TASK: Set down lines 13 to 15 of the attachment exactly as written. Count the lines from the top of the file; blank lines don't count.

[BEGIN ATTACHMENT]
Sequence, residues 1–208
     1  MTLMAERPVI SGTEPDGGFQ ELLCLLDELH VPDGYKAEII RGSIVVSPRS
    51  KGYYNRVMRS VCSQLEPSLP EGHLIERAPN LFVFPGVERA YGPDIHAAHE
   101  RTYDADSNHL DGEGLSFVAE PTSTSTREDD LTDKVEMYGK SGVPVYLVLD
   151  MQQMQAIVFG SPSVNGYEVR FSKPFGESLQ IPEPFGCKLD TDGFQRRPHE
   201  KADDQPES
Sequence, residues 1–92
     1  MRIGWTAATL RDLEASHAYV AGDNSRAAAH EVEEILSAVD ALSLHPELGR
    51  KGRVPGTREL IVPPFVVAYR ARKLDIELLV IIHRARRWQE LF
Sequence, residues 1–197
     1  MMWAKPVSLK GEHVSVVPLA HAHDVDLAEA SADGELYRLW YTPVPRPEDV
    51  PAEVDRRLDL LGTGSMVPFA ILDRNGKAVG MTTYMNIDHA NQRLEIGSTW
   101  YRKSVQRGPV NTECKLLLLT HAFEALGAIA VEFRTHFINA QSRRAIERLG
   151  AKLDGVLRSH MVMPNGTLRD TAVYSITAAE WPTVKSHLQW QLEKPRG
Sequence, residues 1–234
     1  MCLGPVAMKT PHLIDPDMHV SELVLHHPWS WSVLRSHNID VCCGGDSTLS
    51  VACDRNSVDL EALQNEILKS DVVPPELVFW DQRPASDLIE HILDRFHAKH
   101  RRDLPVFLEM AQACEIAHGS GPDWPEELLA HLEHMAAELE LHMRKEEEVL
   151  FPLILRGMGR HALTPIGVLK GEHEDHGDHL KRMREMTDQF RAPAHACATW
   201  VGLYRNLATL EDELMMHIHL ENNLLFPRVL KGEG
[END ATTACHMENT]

   101  YRKSVQRGPV NTECKLLLLT HAFEALGAIA VEFRTHFINA QSRRAIERLG
   151  AKLDGVLRSH MVMPNGTLRD TAVYSITAAE WPTVKSHLQW QLEKPRG
Sequence, residues 1–234